Reducing the risk to life and property from future volcanic activity is best achieved when the most dangerous areas are avoided during eruptions. When emergency plans are made before the next eruption then people can determine what steps to take, including the evacuation of some areas, if and when scientists of the U.S. Geological Survey consider that an eruption is imminent.
For key elements of a volcano emergency plan, see The Development of Volcanic Emergency Plans prepared by an international group of scientists and emergency-management professionals. USGS scientists monitoring the Long Valley and Mono Lake area use a color-coded alert scheme to notify people of the volcano status and likelihood of an eruption.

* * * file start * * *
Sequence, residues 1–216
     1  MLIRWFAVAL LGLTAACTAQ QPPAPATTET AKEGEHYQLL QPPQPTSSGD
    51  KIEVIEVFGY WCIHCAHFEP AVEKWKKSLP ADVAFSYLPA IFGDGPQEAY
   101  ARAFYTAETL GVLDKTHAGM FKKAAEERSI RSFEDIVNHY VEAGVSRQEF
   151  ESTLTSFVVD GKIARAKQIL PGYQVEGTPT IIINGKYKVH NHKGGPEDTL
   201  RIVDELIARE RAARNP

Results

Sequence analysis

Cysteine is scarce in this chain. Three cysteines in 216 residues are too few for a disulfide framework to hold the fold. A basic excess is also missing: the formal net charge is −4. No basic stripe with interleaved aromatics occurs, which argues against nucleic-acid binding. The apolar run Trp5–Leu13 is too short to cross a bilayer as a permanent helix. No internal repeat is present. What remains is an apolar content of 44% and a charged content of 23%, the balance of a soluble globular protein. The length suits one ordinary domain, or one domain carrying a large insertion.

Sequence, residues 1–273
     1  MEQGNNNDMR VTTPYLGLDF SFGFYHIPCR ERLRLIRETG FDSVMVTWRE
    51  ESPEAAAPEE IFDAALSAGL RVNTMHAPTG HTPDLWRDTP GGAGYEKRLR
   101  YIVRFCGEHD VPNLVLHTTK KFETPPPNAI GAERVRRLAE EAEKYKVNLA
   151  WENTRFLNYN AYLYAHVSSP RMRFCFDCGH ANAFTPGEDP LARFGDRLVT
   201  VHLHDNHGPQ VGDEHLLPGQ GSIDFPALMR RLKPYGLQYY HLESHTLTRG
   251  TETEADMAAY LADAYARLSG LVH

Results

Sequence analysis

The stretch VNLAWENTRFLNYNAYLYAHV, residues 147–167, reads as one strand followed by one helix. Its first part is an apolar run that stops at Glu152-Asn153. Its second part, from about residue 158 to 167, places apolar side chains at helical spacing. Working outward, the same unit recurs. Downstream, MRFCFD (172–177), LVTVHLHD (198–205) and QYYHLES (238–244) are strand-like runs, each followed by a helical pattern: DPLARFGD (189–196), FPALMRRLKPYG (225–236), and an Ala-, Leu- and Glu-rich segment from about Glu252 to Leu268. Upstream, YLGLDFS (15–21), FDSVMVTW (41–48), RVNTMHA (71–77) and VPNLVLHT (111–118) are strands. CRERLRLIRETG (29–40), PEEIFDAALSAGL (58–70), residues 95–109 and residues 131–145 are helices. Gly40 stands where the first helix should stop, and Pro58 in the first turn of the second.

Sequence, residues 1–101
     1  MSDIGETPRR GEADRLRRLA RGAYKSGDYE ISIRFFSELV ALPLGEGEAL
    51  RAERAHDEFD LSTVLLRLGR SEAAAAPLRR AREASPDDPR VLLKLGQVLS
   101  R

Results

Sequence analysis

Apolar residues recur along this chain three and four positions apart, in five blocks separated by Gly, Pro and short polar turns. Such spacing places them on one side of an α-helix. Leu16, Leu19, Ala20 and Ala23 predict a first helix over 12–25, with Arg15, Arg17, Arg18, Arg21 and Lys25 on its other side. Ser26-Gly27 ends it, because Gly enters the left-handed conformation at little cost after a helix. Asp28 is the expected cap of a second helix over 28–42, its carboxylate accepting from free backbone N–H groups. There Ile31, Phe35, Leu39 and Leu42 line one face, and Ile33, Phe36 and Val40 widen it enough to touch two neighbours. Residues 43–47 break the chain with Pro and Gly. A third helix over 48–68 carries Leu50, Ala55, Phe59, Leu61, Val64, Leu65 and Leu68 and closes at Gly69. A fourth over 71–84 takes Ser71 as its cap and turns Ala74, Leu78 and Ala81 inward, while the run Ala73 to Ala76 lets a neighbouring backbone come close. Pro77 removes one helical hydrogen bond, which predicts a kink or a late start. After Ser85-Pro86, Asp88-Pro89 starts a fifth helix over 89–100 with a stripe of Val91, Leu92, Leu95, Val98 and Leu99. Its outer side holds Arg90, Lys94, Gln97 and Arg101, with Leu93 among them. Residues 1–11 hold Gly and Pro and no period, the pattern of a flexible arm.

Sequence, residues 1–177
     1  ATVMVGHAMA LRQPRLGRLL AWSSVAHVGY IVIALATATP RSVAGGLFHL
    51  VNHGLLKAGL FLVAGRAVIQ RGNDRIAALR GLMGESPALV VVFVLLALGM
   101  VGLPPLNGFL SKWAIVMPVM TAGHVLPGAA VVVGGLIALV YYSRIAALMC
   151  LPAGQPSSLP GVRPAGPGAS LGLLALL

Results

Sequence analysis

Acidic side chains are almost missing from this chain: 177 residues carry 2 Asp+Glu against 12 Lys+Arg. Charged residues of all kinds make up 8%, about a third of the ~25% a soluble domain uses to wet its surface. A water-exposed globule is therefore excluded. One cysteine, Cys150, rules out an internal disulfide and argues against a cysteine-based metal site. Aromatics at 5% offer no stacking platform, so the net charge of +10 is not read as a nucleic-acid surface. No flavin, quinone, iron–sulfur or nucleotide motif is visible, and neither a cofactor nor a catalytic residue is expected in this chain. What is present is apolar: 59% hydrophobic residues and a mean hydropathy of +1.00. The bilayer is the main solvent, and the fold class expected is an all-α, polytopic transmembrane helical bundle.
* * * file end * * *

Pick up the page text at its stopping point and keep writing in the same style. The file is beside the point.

Volcano-Hazard Zones

Tephra -- volcanic ash and pumice fallout

Ashfall over former Clark Airbase, Philippines
Ashfall over former Clark
Airbase, Philippines

During a typical explosive eruption of a Mono-Inyo vent, tephra (volcanic ash and larger rock fragments) may accumulate near the vent to a thickness of 10 m. Areas downwind of an explosive eruption could be covered with a layer of volcanic ash and pumice more than 20 cm (8 in) thick at a distance of 35 km (22 mi) and 5 cm (2 in.) at 85 km (53 mi).

It is not possible now to predict wind direction or directions that will exist at the time of a future explosive eruption. However, records suggest that on an annual basis winds in the area blow toward an east or northeasterly sector more than 50 percent of the time, and toward some easterly direction more than 80 percent of the time. In general, the grain size and thickness of ash accumulations gradually decrease with increasing distance from a vent.